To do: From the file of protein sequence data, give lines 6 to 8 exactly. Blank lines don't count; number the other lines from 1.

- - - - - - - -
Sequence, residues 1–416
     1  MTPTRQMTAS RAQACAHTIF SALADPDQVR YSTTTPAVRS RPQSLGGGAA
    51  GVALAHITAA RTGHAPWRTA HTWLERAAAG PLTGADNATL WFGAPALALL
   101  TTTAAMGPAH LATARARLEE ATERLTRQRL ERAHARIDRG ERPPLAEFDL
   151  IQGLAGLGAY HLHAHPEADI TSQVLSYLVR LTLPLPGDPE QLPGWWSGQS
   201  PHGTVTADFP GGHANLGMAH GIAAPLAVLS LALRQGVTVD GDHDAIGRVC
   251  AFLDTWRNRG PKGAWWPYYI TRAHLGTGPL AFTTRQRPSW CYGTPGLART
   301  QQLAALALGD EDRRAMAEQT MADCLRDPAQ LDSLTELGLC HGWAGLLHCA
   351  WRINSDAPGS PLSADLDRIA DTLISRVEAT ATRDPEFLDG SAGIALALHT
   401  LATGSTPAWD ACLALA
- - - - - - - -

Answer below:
   201  PHGTVTADFP GGHANLGMAH GIAAPLAVLS LALRQGVTVD GDHDAIGRVC
   251  AFLDTWRNRG PKGAWWPYYI TRAHLGTGPL AFTTRQRPSW CYGTPGLART
   301  QQLAALALGD EDRRAMAEQT MADCLRDPAQ LDSLTELGLC HGWAGLLHCA